I was trying to follow this guide on calibrating my printer but I cannot figure out how to set the steps per mm. http://blog.mcmelectronics.com/post/3D-printer-calibration The piece I print is egg shaped. Where do I change the steps per mm for the axis’s?
You would have to change them in the firmware itself. It’s basically the same process as flashing the firmware on the printer.
Parts printing out of round is usually an indicator of a loose belt or a motor pulley that has a loose setscrew. It would be unusual in the extreme for the axis calibration to be off if you are using the correct factory firmware. The Extruder calibration "e steps is another issue, as that can vary with the hobbed bolt slightly. If your parts are off, and the belts are plenty tight you may want to reflash the factory firmware (after editing in the esteps value you recieved with your printer). Here are the guides and instructions for that process: https://ohai-kit.alephobjects.com/group/firmware-flashing/
That has little do do with what I am talking about though. For one that link has nothing to do with the mini. The only link on the site that i have found that has the mini firmware is https://www.lulzbot.com/support/firmware-flashing-through-cura
And how does that help with egg shaped parts anyway? Would not the extruder be the same on x and y? I am about 7 thousands out of round at the moment. ( y=1.4955",x=1.5025" ).
If needed I can go get a proper indicator and check the axis’s that way rather than trying to measure a print.
It has everything to do with what you asked about. If you want to adjust the Y axis steps in firmware, you have to modify and flash the firmware. Mini or TAZ, the process is the same and thats how you do that. The step value is in configuration.h. To set or change the “Steps per MM” you change the firmware value.
If your printer is off in the Y axis direction though, it’s probably due to a loose belt. The steps value for X and Y are the same on the stock printer. They use the same belts, they use the same NEMA 17 moitors, the same pulleys and the same idler bearings. If your prints are off on one axis, that means the belt is loose enough that it is allowing the print head to travel beyond the point where the printer thinks it was supposed to stop. Think of it this way. If you tied a rope to each of your arms and handed one end to a person standing on either side of you, then told them to tighten up the rope until your arms were straight out, you wouldn’t be able to move closer to either person without ripping one of your arms out of the socket. If you told each person to take a step closer towards you, you would then be able to travel 2 steps closer to either person without ripping your arms off, because of the slack in the rope.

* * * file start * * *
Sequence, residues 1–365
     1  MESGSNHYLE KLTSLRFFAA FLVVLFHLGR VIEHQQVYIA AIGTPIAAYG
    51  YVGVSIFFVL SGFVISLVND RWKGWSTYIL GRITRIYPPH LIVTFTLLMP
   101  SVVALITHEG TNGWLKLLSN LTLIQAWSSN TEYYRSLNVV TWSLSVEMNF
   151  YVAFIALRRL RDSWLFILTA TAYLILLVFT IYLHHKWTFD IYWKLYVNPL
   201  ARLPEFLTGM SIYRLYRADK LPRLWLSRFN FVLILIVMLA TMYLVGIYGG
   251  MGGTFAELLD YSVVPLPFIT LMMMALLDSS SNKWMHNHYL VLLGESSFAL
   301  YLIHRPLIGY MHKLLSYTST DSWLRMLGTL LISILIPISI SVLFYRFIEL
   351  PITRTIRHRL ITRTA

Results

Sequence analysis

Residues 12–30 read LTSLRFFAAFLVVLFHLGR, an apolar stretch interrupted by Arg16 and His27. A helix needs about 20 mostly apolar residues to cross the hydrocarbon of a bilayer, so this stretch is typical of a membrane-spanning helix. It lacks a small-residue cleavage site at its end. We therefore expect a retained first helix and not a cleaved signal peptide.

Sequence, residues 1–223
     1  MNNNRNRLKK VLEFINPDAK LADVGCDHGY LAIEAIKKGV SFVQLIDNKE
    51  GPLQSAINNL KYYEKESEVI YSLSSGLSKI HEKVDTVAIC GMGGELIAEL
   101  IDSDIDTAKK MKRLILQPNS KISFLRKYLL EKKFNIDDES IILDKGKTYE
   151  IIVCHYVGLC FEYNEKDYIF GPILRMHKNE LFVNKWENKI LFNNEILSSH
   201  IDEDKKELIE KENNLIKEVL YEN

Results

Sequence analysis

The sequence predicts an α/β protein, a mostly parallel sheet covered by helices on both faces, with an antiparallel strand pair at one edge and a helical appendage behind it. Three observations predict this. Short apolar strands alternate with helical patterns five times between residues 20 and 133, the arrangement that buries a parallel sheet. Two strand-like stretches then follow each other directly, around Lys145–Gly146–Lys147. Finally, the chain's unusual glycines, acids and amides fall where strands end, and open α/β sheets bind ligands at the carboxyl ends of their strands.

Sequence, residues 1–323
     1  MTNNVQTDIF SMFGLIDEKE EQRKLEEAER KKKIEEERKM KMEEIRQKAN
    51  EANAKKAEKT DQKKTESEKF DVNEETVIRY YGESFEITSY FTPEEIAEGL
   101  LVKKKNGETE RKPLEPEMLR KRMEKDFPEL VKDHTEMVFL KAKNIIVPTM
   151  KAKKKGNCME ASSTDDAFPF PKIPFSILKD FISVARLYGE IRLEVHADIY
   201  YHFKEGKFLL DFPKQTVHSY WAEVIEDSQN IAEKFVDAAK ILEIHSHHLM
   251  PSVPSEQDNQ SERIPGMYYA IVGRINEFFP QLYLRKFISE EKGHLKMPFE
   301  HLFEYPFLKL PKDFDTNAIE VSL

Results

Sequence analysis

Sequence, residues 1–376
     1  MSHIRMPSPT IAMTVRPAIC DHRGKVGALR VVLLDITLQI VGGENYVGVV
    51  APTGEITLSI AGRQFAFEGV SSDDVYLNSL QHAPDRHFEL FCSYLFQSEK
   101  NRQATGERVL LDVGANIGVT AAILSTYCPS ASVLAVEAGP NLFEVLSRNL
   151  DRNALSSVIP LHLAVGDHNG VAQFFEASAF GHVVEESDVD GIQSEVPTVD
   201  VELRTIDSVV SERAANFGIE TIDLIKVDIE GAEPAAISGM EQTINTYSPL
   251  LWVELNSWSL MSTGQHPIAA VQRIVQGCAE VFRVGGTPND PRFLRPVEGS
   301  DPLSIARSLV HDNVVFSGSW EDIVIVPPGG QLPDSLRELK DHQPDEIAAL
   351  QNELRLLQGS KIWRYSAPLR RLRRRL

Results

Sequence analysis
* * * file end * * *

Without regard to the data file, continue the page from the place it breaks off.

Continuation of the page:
Whichever Axis is larger than the other one is probably the one with the Loose belt. Potentially your Xa axis if the numbers below are correct. Centripetal force makes the print head go to the furthest extents it can travel at the top or bottom of the arc. If the belt is too lose, it will travel that much further at every point along that arc of travel on a parabolic trajectory. A loose motor pulley can also cause this effect. The slipping of the pulley on the shaft in both directions also causes an offset in both directions of Axis travel.
What you describe there is backlash. And backlash compensation is axis specific. (Assuming these printers do backlash although I don’t see why you would leave out such a thing.)
When talking about a belt driven system, backlash is the amount of elastic error in the GT2 Timing belt. In this instance where you have a hardware issue with your printer in that the belt is incorrectly tightened, or the pulley set screws are loose in one direction, its kind of not so much. If you are certain your belts are both at the correct tension and all the pulleys are down and locked, and the firmware values are all correct, then you have some other weird sort of issue going on. It could be the model you are printing is out of round as well. Or not flat on the bottom so it is printing at an angle.